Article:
This would be a big day--if I pulled it off. First, despite the fact that it was a ways out of town (about 20km), time pressure caused me to take a taxi to Nangshan Cishou Si (9:25-11:50; my #77). The temple was undergoing heavy refurbishment, but between the fine old halls and the shiny new ones, it was a satisfying visit. After walking out of the village to the main road, I waited over an hour for a taxi that then whisked me to my next destination, Guanghua Si (1:25-2:50; my #78). A beautiful old pagoda and staid main compound, with--behind and to the side--several shiny new halls with BIG statues. On my way in, I had noticed a street of statuary-makers, so I walked out that way and had an interesting look around 'til 3:00. Out to the highway and another cab, and I made my trifecta--all three Key Temples in Putian in one day. I reached Guangxiao Si with time to spare (3:20-4:25; my #79). This was a downtown temple, with a very active "social scene"--lots of old men sitting around. The best part of the temple was the two halls at the top with dozens of statues. Out of the temple, found a KFC, then back to the hotel. I had been planning to go to the Mazu Temple in Putian, on the small island where that Daoist sea goddess had been born. Instead, Deru called and coerced me to let a devotee he knew take me to a decidedly uninspiring temple the next day, before catching my bus back to Fuzhou Airport.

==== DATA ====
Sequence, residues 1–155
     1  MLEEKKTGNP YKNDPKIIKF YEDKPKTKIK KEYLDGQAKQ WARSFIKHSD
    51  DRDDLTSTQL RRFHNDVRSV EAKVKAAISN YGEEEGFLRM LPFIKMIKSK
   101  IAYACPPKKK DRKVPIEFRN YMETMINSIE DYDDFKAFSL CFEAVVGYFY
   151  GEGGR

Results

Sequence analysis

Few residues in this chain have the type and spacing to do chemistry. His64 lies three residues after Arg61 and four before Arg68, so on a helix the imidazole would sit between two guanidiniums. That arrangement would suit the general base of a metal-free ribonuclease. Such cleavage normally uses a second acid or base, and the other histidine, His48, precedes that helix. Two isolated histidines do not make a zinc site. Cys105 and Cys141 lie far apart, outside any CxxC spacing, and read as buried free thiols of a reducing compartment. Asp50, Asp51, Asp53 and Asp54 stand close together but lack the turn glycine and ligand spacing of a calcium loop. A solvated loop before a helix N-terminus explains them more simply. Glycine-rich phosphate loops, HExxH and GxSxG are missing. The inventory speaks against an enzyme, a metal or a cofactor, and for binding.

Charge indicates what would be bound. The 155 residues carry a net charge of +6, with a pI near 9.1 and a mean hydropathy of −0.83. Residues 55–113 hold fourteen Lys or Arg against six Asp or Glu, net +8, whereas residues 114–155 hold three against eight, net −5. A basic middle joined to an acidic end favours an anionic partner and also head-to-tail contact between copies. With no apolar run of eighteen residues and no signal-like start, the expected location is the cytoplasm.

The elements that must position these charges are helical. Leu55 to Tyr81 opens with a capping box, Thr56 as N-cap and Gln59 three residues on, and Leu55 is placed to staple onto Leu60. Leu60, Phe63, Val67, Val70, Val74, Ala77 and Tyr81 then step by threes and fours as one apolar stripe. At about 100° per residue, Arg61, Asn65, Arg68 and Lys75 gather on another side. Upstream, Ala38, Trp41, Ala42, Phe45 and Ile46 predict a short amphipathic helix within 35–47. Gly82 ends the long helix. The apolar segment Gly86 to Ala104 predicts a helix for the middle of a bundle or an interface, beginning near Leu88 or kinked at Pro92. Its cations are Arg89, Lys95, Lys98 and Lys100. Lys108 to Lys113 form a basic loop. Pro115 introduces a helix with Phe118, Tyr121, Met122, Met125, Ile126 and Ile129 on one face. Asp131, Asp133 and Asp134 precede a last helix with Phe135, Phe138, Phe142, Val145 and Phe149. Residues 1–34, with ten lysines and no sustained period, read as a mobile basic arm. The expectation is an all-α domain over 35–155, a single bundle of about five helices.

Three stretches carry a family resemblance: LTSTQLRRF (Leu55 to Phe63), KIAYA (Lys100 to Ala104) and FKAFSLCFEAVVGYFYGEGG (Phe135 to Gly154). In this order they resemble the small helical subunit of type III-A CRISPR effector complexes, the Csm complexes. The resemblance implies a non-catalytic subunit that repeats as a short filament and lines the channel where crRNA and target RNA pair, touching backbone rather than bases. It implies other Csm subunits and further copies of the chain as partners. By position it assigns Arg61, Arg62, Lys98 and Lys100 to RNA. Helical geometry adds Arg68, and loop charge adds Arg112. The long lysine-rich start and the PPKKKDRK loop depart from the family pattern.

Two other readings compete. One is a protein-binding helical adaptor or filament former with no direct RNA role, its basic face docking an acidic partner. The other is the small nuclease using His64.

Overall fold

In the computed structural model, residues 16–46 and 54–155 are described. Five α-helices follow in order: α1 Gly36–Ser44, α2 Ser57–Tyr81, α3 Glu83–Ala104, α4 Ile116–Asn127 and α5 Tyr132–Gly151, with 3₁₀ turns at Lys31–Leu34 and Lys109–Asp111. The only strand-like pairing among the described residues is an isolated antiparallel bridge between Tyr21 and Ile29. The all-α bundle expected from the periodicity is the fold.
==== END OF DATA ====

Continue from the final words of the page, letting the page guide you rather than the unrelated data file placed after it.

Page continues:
• Stayed Putian -Fengda Hotel



Saturday, October 29:
Nan Shaolin Temple
And so, I visited tiny, shiny Nan Shaolin Si (12:00-12:40), supposedly as important as the real Shaolin Temple up in Henan (but I think not). We went back to Guangxiao Temple for a veg lunch, and I took a bus to Fuzhou Airport for my 7:20-8:45pm flight to Shenzhen and home.